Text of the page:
Sunday, May 03, 2015

sad but true

She said to me once upon a time that the Metallica song that best described her life was "Sad But True". We laughed when she said that. By that time we'd been married for six months, meaning I'd known her a grand total of twelve months-- a year, give or take a week. It seemed like longer, of course. Not because it was an intolerable thing. Rather, it was quite nice, being married and all. We hadn't had the baby yet, she wasn't anywhere near pregnant.

We were standing outside in the alley behind a bar in Hollywood known for its margaritas. May have even been in the name of the venue, the Something Margarita or a similar name. We were smoking and drinking, and we'd been together for some time and she was talking to me...

Oh wait, maybe we weren't married yet. Maybe I got it all wrong. Maybe this was the courtship part, where we had the attraction but not anything moving it forward. My memories are beginning to get nebulous as I try to retrace the moment, so rather than beat it to death I will just say that we were still getting to know each other, and our fate was that we were either married with no kids or we were about to be married with a kid.

I forgot what my answer was. Probably something well-calculated, an attempt to be hip and with-it even as we were discussing Metallica, a band that had long ago lost a great deal of credibility. It wasn't hip to like Metallica, so my answer would be in vain regardless. And yet there we were, talking about it... we both liked the band. We knew that it was the early stuff-- who doesn't? Every band is great in the beginning, every band starts off strong and then goes insanely wrong.

A lot of marriages do too. Especially the ones that begin so fast and burn so bright.

For the sake of continuing I will just put it out there that my pick was "Dyers Eve". A song about Christian Scientist parents, an angry scream backed by muscular metal guitar riffing and breakneck speed drumming, an adolescent temper tantrum committed to reel-to-reel tape, mixed down muddily (and yet with no bass!) and transmitted directly into the Walkman of a pimply, long-haired loner with glasses as thick as steel welders and and chip even thicker weighing down his shoulder. I can see myself saying that it was the song that described my life, even if my parents weren't exactly Christian Scientists. They were religious but not that religious.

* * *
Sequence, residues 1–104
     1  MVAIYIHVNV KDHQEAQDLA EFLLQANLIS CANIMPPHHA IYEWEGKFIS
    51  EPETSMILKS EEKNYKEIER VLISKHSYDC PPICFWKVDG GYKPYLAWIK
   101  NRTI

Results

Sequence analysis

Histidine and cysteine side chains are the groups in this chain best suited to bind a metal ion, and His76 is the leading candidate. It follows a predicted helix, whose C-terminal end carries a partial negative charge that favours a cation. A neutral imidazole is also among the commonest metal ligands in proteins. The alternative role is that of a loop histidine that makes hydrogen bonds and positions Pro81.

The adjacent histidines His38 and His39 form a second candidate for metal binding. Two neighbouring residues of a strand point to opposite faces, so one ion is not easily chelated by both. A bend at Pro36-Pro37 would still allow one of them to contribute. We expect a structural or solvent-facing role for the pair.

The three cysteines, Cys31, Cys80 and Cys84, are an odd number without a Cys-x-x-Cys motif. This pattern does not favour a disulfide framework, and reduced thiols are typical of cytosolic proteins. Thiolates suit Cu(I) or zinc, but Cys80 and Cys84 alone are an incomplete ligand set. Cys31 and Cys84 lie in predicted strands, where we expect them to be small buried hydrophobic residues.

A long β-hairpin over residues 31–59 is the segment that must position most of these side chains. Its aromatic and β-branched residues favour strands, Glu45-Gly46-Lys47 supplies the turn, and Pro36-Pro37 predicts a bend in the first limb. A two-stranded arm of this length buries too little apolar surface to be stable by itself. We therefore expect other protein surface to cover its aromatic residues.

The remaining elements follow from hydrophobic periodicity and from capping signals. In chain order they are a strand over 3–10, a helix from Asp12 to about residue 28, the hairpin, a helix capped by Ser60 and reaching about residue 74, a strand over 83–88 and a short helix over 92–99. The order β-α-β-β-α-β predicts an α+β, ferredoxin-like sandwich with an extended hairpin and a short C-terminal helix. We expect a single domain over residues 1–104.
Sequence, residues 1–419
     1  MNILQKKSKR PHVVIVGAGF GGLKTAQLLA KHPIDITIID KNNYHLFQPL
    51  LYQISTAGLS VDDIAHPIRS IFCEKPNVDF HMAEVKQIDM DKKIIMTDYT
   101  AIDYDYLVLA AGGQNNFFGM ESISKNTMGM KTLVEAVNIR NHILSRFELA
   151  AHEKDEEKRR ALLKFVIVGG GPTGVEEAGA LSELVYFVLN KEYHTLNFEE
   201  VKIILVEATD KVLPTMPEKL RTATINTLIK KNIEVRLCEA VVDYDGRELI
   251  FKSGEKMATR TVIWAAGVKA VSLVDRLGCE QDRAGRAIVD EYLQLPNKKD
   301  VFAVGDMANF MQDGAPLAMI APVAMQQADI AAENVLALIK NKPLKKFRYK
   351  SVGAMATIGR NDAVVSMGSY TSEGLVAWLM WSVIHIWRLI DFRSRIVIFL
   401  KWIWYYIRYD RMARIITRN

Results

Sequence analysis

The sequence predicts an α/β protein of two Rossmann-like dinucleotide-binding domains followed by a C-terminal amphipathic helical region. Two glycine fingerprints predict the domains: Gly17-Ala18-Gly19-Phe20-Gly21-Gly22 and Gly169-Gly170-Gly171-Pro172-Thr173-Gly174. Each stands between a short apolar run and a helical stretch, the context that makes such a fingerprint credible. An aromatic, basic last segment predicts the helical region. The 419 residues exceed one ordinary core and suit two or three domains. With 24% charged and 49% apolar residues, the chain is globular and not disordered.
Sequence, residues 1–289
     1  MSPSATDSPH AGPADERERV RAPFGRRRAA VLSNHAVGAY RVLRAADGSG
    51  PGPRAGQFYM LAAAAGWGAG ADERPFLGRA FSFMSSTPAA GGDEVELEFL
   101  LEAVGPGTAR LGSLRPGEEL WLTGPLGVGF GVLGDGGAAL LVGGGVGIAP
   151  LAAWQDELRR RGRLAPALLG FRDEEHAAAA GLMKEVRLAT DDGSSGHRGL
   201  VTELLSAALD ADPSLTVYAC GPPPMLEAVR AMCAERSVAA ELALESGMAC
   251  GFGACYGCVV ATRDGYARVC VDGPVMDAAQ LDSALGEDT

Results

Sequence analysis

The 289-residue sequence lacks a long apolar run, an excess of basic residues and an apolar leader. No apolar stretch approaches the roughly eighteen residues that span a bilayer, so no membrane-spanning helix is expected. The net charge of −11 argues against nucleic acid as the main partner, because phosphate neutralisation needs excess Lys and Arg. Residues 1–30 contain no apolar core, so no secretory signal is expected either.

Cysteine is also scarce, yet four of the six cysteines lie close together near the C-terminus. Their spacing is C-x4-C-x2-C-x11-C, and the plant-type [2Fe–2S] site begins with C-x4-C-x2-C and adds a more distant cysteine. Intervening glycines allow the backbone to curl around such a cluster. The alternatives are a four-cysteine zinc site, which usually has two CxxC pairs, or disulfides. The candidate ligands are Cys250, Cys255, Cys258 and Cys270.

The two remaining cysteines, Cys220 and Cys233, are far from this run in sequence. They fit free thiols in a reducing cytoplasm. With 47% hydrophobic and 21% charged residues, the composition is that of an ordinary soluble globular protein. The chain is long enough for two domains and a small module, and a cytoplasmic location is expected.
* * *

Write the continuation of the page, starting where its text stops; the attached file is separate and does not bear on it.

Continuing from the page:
My answer was not remarkable, which is why I don't remember it. But her pick... that was memorable. And funny. Even if she wasn't joking, it was memorable. I remember so many things about her that fit that description as well. Her choice of song colored my view of her probably from that moment on. After that, everything about her seemed sad but true. I wonder if she even thought twice about my choice. If I asked her, she might remember... but her memory isn't all that reliable anyway. She might say something really far out, like my song was "Sanitarium (Welcome Home)" or something along those lines. For that matter, she may not even remember what her own answer was, and that would not be shocking or terrible.

It'd be sad but true. That's what it would be. Sad but true.


Tuesday, January 28, 2014

i was dreaming when i wrote this, forgive me if it goes astray

So, I've been on a much-needed Prince binge lately, mostly due to news that he's suing all these bootleggers for uploading live footage of his concerts. (I won't post a link to the article because I'm afraid His Royal Badness will sue me) Also I've been following his Twitter account (3RD EYE GIRL) and watching the free vids he's been posting... what a contradiction that man is. But he's a Gemini, what can you do?